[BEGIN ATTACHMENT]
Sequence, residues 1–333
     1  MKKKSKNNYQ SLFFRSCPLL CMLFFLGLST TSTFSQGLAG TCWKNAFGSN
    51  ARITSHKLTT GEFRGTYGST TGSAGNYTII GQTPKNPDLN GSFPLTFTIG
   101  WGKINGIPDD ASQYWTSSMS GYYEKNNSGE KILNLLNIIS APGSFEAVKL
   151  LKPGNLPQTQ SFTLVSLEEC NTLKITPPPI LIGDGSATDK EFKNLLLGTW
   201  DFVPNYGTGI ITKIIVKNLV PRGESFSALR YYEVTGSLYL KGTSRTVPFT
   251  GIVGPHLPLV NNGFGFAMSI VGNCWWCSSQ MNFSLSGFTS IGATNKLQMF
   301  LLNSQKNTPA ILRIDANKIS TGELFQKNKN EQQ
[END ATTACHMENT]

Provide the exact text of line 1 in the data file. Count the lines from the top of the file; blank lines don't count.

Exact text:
Sequence, residues 1–333